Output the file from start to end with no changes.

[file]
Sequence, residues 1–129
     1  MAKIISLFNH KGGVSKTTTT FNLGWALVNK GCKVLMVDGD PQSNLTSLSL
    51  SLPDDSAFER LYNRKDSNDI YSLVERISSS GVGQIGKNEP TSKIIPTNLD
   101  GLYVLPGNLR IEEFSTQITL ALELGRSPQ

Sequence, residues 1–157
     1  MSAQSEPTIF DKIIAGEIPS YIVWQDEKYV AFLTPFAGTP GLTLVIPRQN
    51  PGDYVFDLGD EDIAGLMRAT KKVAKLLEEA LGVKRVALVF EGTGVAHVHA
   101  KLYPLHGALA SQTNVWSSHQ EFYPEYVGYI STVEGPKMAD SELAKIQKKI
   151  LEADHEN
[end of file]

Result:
Sequence, residues 1–129
     1  MAKIISLFNH KGGVSKTTTT FNLGWALVNK GCKVLMVDGD PQSNLTSLSL
    51  SLPDDSAFER LYNRKDSNDI YSLVERISSS GVGQIGKNEP TSKIIPTNLD
   101  GLYVLPGNLR IEEFSTQITL ALELGRSPQ

Sequence, residues 1–157
     1  MSAQSEPTIF DKIIAGEIPS YIVWQDEKYV AFLTPFAGTP GLTLVIPRQN
    51  PGDYVFDLGD EDIAGLMRAT KKVAKLLEEA LGVKRVALVF EGTGVAHVHA
   101  KLYPLHGALA SQTNVWSSHQ EFYPEYVGYI STVEGPKMAD SELAKIQKKI
   151  LEADHEN